With recent publication of over 20 book chapters, titles comprise: Academic reflections: Disciplinary acculturation and the first-year pathway experience in Australia [Garnet]; Conceptualizing four ecological influences on contemporary ‘Third Culture Kids’ [Palgrave Macmillan]; Culturally responsive pathway pedagogues: Respecting the intricacies of student diversity in the classroom [IGI Global]; The other side of the student story: Listening to the voice of the parent [Sense]; and Metaphors for transnational students: A moving experience [Cambridge Scholars].

My edited books include: (1) Handbook of Research on Academic Misconduct in Higher Education [IGI Global 2016] (2) Handbook of Research on Study Abroad Programs and Outbound Mobility [IGI Global 2016]; and (3) Study Abroad Contexts for Enhanced Foreign Language Learning [IGI Global, forthcoming 2017]. My research interests are many and varied: academic acculturation; authoethnographic studies; human ecology; international schooling; schools as cultural systems; study abroad; teacher professional development; and Third Culture Kids (TCKs)/transnational students.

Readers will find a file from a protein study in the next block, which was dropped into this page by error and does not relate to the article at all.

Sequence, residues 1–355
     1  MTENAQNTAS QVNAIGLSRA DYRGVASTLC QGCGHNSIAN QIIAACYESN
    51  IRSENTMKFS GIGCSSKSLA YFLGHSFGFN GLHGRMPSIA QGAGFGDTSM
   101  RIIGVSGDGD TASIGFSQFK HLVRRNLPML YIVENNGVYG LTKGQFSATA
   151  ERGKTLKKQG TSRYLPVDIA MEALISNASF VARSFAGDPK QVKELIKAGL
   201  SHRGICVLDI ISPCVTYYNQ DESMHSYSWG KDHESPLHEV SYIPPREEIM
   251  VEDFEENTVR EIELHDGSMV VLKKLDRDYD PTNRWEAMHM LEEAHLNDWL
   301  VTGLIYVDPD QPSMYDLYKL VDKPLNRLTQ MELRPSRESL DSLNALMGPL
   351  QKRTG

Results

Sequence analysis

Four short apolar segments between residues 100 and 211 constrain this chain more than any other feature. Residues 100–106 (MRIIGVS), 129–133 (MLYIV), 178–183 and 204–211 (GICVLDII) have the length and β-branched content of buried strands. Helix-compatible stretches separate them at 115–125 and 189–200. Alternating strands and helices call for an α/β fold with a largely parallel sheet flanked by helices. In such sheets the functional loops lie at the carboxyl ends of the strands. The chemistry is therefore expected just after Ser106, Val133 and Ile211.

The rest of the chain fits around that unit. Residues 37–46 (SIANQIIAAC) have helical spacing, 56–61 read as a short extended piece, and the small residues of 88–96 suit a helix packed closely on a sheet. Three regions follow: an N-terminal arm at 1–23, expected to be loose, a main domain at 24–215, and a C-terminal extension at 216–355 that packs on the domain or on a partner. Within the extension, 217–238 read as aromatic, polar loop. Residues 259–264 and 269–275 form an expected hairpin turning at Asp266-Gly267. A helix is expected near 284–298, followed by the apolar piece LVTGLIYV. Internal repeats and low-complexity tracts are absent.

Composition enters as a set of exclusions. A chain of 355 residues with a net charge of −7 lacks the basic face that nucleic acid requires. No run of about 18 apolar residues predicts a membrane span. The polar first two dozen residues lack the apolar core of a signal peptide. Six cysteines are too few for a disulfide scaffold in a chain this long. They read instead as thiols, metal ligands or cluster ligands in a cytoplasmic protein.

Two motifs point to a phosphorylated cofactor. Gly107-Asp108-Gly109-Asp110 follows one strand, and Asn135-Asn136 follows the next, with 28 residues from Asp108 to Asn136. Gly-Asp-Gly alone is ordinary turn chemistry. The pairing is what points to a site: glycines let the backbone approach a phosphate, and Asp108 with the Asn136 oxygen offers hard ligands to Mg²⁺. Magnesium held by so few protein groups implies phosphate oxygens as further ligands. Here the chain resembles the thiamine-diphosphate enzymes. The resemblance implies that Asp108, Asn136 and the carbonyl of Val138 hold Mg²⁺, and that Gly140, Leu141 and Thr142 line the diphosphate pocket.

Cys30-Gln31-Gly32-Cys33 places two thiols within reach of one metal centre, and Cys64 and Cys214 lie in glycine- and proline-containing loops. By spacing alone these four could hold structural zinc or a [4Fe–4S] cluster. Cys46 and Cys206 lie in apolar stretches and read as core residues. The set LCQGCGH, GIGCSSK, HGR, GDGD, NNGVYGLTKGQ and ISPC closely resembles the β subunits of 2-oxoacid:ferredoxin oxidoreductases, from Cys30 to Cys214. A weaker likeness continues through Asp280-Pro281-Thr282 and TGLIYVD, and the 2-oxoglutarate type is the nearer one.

When did you become involved in this area of research?

As described in the preface of my Handbook of Research on Academic Misconduct in Higher Education, my involvement and subsequent interest in academic dishonesty or cheating behaviors originated from my former role as Academic Advisor—encompassing Academic Integrity Officer (AIO)—at a pre-university pathway institution that situated me in a unique position from which to observe and actively participate in curbing and dealing with academic dishonesty. Back in 2013, both intentional and unintentional misconduct were rife and many of the situations I encountered extended from the ridiculous to the disturbing i.e., varying degrees of absurdity and ingenuity.